Klute (1971)

Posted in Dailies with tags , , on May 26, 2010 by leclisse

I must have seen Alan J. Pakula‘s Klute about a half-dozen times in that last couple of years.  After the first screening or two, I tirelessly searched the depths of eBay for original stills, posters, and lobby cards from the film’s original release, coming away with a rather attractive one-sheet and a trimmed 7×9″ publicity still of Jane Fonda and Donald Sutherland.  The cycle of my film obsessions follow much the same pattern; once I have materially sated the initial excitement over an outstanding film, I move on to something else.  In the case of Klute, however, I find that I keep coming back for more.

Like big, beautiful epics, another one of my cinematic weakenesses is for strong female characters.  Jane Fonda’s Oscar-winning turn as Bree Daniels is all at once violently assertive, stealthily manipulative, tirelessly self-confident and a string of other related adjectives.  Bree, an experienced New York City escort has known the heights of Park Avenue but cannot remain content in a life of turning tricks and paying up to Roy Scheider’s mercilessly brutal pimp Frank Lagourin.  Pakula narrates Bree’s ongoing struggle to break out of “the life” through a series of sessions with her psychoanalyst (Vivian Nathan), where she presents the audience with a powerful picture of a woman who knows herself incredibly well.  Bree is in a sense addicted to the power she is able to exercise over each john, confident that for a moment she is the “greatest actress in the world and the greatest fuck in the world.”  That sense of control over life is the key to Bree’s inability to let go of prostitution.  She has no control over her failure as a stage actress, a profession she sees as a tangible escape from prostitution, especially since she is able to utilize the theatrical skills that made her such a success in that life.

Donald Sutherland’s title character, John Klute, meets Bree in the course of investigating a missing persons case, the details of which are systematically revealed throughout the course of the film but at the same time seem almost peripheral to the relationship that develops between these two.  Unlike so many films in which romantic relationships seem anywhere from trite to childish to bizarre, Pakula takes the time to believably introduce these two polar opposites, ceaselessly wearing down their prejudices and defenses over the course of the film.  The interplay that unfolds between Bree and Klute is riveting and the chemistry between Fonda and Sutherland is a perfect synthesis of vulnerability and genuine trust.  Watching Bree advance and retreat, trying to entice Klute to give up his “square” morality and give in and become one of the group of faceless johns that she scorns is one of the most revealing character studies ever committed to film.  Bree admits her fright as experiencing genuine emotions toward Klute, which flies in the face of her hardened sentiment that men are all the same.  Her instinct is to destroy those emotions and retreat to the safety of being “numb.”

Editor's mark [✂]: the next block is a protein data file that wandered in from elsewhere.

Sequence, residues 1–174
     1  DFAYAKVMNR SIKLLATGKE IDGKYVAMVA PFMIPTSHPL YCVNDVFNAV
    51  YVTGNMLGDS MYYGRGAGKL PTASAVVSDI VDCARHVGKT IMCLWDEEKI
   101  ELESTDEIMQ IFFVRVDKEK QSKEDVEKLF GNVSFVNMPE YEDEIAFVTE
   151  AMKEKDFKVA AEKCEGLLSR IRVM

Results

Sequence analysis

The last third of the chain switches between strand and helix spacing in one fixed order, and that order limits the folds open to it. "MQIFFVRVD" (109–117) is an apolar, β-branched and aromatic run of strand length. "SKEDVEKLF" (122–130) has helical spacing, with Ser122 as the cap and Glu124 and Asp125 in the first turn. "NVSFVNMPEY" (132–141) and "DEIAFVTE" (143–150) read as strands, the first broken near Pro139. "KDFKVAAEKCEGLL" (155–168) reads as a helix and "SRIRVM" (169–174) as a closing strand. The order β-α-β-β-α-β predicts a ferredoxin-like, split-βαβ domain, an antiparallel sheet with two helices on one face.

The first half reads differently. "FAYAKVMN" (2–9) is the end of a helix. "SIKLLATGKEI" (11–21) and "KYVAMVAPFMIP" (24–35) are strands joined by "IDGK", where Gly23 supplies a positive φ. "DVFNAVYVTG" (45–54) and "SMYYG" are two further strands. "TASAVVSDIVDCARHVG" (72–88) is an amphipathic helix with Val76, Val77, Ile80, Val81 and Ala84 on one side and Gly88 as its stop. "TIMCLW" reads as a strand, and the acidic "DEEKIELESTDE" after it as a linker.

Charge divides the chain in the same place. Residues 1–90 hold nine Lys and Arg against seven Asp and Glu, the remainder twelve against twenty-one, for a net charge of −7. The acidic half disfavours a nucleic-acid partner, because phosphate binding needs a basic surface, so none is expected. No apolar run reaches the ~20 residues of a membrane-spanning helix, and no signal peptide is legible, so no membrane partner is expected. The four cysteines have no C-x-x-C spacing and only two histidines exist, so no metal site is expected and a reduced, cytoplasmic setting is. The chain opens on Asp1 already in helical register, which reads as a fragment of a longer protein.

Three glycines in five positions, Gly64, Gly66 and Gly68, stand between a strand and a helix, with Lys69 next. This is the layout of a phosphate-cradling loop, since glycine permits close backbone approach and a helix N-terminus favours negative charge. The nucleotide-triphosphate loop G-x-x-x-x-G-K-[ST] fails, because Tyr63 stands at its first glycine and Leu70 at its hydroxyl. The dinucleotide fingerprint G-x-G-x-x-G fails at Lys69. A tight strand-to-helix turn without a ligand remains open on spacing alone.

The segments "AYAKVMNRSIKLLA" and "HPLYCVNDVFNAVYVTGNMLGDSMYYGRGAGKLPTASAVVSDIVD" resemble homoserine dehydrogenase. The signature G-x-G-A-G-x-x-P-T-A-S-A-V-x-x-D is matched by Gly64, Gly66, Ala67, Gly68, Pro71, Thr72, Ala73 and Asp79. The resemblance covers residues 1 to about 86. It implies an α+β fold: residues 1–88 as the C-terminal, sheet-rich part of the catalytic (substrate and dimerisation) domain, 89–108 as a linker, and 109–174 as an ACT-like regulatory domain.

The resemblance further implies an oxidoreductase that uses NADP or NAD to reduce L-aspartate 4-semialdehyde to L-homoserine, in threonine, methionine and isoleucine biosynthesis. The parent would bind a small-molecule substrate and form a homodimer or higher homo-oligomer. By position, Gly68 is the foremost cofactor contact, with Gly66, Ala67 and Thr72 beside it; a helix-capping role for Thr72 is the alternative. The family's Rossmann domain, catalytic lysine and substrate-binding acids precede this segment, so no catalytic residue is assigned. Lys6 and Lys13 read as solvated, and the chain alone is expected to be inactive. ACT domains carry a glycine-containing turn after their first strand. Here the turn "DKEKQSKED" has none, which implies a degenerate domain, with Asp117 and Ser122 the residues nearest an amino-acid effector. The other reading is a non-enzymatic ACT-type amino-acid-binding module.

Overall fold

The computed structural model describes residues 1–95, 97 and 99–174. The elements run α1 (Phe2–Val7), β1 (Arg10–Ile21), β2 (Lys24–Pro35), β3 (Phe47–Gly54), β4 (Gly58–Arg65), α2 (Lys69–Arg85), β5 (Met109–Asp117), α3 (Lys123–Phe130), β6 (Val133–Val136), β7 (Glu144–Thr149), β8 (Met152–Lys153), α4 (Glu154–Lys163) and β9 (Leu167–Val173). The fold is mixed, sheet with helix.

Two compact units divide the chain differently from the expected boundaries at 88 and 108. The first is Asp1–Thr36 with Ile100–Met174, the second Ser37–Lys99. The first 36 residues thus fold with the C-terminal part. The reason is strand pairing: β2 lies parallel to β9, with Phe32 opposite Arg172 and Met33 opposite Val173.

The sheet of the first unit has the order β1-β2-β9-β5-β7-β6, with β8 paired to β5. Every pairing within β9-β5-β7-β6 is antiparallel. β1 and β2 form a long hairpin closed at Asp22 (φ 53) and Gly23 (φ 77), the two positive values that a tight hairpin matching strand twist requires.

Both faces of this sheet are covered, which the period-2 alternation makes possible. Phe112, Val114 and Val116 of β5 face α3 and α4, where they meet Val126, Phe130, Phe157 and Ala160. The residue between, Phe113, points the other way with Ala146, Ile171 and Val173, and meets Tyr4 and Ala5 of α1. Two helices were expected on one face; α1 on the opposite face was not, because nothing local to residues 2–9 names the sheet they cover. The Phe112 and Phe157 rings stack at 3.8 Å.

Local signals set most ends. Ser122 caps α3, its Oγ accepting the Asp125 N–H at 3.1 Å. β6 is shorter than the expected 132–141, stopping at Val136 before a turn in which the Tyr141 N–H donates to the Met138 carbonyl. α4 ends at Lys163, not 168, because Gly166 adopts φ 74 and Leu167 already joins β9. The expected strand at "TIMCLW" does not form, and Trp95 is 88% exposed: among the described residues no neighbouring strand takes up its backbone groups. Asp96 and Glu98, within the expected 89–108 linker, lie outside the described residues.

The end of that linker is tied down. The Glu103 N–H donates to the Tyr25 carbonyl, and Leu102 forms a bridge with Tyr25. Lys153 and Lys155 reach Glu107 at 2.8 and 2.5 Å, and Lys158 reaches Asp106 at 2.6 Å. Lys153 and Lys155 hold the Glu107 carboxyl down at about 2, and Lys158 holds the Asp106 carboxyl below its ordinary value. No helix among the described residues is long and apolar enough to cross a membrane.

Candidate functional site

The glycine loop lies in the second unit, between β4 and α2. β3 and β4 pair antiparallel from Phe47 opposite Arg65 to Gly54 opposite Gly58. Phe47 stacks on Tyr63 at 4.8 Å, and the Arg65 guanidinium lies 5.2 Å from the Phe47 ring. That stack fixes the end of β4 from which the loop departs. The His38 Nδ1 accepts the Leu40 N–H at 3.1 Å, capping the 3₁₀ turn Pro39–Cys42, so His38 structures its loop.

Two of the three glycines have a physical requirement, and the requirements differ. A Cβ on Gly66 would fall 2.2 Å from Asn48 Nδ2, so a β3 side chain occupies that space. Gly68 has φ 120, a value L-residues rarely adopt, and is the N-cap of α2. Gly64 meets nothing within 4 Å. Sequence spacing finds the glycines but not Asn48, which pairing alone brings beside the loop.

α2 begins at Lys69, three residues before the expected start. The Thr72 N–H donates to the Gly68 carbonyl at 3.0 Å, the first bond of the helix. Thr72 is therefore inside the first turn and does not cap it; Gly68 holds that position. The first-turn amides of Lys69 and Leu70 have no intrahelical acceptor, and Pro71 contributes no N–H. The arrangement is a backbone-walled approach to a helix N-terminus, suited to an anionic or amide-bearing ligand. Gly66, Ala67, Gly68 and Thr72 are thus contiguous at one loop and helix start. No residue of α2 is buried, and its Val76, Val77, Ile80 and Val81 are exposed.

Klute presents an interesting social commentary on the ageless question of “square” morality and its attitudes towards prostitution.  The truth of Tom Gruneman’s disappearance and the revelation that family friend and coworker, Peter Cable (Charles Cioffi), is a murderous sexual deviant masquerading under the pretense of being a normal family man turns socially acceptable prejudices on their heads.  The film’s climax is shattering in its brutality, with Cable reassuring himself of his normalcy by venomously casting the blame on Bree and other women like her who have exploited his sexual predilections and threaten to ruin the idyllic work and home life that he has so meticulously built and fought to maintain.  So desperate is he to salvage this illusion, perhaps more for his own sake than for that of his family, Cable sees murder as the only way to silence those with the knowledge of his secrets.  The way Pakula ends this film gives the audience just enough closure to feel nominally satisfied, but at the same time leaves enough open to doubt the direction of any of the character’s lives.  It is a perfect balance between the surety of the Guneman case’s solution and the immediate directionlessness of the lives of Bree and Klute.